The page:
# What is the speed of the disk?

I have not attempted to work on these, the only attempt i've done was look and stare at the questions and not know where to start or even begin the problem. I do not know which formula to use either. given is highlighted in bold lettering. Unfortunately i have other homework and these problems are due tommorow so urgent help is needed thx!

3. .050kg disk attached to the end of a .150-m wire revovles uniformly on a flat, frictionless surface.

a) moving 3 revolutions per second, what is the force exerted by the wire on the object?

b)What is the speed of the disk?

4.How large must the coefficent of friction be between the tires and the road if the car is to round a level curve of radius 85m at a speed if 95 km/h?

6. A satilite is place in orbit 6.00x10^6. Jupiter has a mass of 1.90x10^7 and radius of 7.5x10^7. Find the orbital speed.

7. The outer radius of saturns rings are 170,000. Find the period of the outer radius.

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cristo
Staff Emeritus
You need to show at least some effort before we can help you! I find it hard to believe that you have no equations in your text book or class notes that will help you on these problems.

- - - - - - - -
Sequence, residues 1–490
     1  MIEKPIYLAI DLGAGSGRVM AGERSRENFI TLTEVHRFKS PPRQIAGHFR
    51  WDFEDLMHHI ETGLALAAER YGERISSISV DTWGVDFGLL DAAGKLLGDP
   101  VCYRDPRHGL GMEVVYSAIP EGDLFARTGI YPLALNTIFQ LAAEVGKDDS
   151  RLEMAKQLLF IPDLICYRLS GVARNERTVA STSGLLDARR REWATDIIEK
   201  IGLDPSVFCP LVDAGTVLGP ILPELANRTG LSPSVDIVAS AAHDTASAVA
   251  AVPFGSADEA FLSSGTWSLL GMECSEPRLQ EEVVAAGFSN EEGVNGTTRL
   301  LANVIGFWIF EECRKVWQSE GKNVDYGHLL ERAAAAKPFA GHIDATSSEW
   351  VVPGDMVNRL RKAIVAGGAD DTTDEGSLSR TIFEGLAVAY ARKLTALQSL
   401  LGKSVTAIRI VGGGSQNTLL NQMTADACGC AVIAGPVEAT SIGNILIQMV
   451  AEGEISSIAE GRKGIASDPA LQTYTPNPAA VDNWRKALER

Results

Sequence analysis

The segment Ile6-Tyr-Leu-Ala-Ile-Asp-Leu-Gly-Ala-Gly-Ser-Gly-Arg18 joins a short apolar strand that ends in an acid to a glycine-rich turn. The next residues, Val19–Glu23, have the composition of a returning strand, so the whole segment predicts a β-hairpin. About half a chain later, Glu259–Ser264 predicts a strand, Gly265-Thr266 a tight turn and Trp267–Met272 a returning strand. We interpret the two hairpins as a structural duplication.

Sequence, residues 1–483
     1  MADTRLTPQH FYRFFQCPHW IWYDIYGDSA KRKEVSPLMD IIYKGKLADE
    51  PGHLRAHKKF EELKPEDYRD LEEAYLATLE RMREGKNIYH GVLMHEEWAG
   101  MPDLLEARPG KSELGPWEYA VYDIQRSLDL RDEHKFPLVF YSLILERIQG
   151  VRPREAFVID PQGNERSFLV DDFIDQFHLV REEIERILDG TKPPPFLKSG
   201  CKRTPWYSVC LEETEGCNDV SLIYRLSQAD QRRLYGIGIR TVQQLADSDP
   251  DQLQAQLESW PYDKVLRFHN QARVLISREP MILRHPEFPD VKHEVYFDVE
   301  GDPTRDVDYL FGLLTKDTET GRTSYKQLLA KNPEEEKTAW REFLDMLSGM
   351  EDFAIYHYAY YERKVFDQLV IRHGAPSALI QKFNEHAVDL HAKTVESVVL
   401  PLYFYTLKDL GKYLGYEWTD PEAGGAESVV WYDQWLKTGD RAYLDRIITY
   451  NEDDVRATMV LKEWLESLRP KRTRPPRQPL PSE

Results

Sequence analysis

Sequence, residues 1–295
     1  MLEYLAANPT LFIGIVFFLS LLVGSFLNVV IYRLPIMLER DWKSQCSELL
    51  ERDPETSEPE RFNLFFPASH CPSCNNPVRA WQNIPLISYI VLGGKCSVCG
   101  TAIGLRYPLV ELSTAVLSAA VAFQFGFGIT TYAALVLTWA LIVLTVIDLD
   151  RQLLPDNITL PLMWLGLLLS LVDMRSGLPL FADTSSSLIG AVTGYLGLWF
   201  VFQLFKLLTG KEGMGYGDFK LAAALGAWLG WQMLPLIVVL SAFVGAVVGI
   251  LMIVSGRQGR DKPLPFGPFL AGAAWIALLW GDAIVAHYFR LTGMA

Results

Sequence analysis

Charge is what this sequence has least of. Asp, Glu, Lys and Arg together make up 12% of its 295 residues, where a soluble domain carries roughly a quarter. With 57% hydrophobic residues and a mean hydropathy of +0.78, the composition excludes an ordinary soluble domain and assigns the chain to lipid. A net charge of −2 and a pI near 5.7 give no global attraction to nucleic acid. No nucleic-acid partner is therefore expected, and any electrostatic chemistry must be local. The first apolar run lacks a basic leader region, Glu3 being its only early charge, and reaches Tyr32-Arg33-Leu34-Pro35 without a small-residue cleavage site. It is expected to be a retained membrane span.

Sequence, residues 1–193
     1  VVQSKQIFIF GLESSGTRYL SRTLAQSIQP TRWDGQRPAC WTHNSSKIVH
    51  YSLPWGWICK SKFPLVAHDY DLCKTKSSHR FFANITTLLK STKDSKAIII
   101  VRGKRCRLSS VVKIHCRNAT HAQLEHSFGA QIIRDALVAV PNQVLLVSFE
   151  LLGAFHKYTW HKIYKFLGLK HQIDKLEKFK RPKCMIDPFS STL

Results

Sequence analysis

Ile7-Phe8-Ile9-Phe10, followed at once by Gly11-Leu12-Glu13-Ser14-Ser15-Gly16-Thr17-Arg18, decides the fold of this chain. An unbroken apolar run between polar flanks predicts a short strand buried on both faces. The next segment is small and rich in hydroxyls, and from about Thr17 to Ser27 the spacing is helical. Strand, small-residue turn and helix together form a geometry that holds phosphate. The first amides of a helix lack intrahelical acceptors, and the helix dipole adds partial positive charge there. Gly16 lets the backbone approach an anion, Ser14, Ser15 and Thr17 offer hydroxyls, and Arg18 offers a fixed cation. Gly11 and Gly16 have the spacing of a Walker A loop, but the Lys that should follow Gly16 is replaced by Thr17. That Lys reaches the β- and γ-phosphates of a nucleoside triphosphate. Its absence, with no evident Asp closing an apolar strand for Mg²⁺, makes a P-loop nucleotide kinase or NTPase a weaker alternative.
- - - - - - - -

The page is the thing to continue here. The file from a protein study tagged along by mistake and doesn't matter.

The hardest problem for me is deciding which formula to use and if i ussualy find the formula i can plug the numbers in the problem and solve it. Here is what i have probaly isn't right lols if it is OMG for me !!!!lols
3. Still have no clue on the formula for this one.

4. v^2 = 95^2
----- ------ = 106.18
r 85
6. GMm
------
r^2
(6.67x10^-11)(6.00x10^6)(1.90x10^7)
-------------------------------------- = 1.01384x10^-4
(7.5x10^7)
7. F = m v^2 / r
I have no clue if this is the right formula and what to plugin lols..

6. A satilite is place in orbit 6.00x10^6. Jupiter has a mass of 1.90x10^7 and radius of 7.5x10^7. Find the orbital speed.

...6 x 10^6 Whats? Meters? Lemons?

Your problems all sound like applications of Newton's Laws of motion. Here is a basic strategy:
1. Draw a picture, draw the system(object) of interest large and show any interaction(s) with the environment.
2. Draw the forces acting on your system. Might wanna choose a coordinate system to work in now.
3. Apply Newton's second in each direction. Stare at the picture to determine what you might be able to say about the acceleration in any direction. 4. Solve. This depends on the problem. You should remember formulae like that for the circumference of a circle or what the frictional force depends on, etc. Having these memorized will help you think about getting to the solution through a series of steps, hopefully.
Good luck.